DIABETES decreases in the UAE

23 October 2019

Lab Chat

Doctors in the UAE have been reporting fewer diagnoses of diabetes over the last couple of years, with the introduction of the so-called “sin tax” in 2017 thought to be behind the phenomenon. A 50% tax was applied on all drinks containing excessive levels of sugar in October 2017, while the law was recently expanded to also include fruit juices and non-carbonated drinks with additional sweeteners.

Although there are no statistics available to perform a like-for-like comparison, anecdotal evidence from the Canadian Specialist Hospital in Dubai suggests that incidences of new type 2 diabetes sufferers are on the wane. That shows that the initiative is having its desired effect and constitutes a positive start to tackling the problem of obesity and ill health in the country.

The dangers of diabetes

Type 1 diabetes is an autoimmune disease that is either inherited through genetics or developed in childhood, often being diagnosed for the first time after symptoms have already surfaced. Type 2 diabetes, on the other hand, can also be hereditary but is largely influenced through lifestyle and diet. In general, type 2 diabetes is more commonly observed among overweight and obese people.

The UAE has long struggled with both obesity and diabetes. In fact, in 2016, the latter was found to be the seventh most common form of premature death in the Emirates, up from 11th in 2005. However, measures such as the “sin tax” have made inroads into the problem and served to reverse this worrying trend.

Progress being made

Since the introduction of the tax two years ago, sales of fizzy drinks have fallen by up to 65%, according to market research experts Euromonitor International. Health figures from the corresponding period are not available but those between 2010 and 2019 give reason for optimism, with obesity falling by 25% and diabetes by over a third during that period.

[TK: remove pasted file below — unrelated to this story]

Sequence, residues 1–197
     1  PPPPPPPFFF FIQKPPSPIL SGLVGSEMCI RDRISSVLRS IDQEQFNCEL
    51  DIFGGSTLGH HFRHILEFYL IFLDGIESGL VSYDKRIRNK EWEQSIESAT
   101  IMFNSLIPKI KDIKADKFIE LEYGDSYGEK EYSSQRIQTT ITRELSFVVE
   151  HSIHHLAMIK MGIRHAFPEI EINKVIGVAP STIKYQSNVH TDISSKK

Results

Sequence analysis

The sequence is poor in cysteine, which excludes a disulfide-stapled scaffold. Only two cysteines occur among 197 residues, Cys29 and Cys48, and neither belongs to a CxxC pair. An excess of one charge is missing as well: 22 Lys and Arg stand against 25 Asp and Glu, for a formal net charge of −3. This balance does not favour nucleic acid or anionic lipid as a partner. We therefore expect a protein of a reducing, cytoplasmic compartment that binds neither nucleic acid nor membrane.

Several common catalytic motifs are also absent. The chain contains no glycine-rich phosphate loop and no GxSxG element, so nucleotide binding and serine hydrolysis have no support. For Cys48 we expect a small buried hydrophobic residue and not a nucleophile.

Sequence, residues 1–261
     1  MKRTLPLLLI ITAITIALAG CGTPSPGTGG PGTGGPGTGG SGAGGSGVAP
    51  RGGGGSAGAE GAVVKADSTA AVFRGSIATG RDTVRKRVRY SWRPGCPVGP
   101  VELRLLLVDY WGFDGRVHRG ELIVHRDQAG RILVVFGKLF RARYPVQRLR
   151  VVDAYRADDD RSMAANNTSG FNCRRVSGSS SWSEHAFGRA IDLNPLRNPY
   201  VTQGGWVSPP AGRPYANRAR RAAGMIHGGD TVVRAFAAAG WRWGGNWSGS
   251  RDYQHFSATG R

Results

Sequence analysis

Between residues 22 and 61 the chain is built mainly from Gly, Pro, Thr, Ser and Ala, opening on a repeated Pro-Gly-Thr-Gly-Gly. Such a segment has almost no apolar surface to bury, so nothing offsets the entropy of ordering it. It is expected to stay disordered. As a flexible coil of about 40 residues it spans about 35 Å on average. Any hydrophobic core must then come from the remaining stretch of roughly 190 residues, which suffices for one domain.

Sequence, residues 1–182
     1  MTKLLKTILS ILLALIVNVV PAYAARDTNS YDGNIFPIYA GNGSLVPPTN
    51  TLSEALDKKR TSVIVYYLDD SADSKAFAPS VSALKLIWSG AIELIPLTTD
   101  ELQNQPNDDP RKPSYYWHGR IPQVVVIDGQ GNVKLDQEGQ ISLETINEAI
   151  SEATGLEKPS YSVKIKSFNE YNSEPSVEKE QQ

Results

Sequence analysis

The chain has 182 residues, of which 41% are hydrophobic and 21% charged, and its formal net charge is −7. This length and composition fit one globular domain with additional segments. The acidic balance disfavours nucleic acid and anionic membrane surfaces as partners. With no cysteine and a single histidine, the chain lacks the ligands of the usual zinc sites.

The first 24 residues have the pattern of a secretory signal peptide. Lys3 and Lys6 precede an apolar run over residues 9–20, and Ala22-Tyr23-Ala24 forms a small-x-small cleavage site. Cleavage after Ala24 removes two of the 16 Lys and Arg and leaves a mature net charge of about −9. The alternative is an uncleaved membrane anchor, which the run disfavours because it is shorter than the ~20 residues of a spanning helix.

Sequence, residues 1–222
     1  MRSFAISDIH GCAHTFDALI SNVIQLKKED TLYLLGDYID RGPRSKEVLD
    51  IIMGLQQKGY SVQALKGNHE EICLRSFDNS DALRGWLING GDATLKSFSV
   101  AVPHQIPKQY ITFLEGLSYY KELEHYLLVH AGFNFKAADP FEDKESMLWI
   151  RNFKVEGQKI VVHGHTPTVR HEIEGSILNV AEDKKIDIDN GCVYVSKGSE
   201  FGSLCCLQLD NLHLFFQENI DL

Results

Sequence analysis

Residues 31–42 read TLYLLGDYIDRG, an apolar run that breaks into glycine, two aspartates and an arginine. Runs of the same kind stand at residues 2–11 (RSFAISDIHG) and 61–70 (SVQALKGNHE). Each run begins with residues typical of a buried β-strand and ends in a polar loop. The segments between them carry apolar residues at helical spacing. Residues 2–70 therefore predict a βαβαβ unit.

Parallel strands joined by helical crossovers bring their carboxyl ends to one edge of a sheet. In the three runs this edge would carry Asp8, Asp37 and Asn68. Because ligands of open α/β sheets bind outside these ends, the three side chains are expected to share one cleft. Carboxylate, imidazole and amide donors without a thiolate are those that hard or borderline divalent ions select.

“The major argument in favour of sin taxes is that by making something more expensive, it makes people think twice about buying these unhealthy products,” explained Prasanth Manghat, CEO of one of UAE’s biggest healthcare firms. “If that something is a sugary drink, or a chocolate bar for that matter, opting not to buy and consume it is a good thing.”

Similar results elsewhere

It’s not only among Emiratis that the taxes have been shown to be effective in curbing consumption of unhealthy produce and improving public wellbeing. Mexico introduced a 10% levy on non-alcoholic beverages containing additional sugar in 2014 and noticed an immediate drop of 7.6% in their consumption the following year. What’s more, the $2.6 billion raised via the tax could be invested into water fountains in public schools.

Elsewhere, the UK brought in its own “sin tax” in April of last year, resulting in a sugar reduction of 28% per 100ml in fizzy drinks and juices. The effect of the law has seen manufacturers include over 30,000 fewer tonnes of sugar in their products and consumers take in 37.5 billion fewer calories each year. These corroborating results prove that “sin taxes” really can be effective in curbing damaging behaviour, both at home and abroad.

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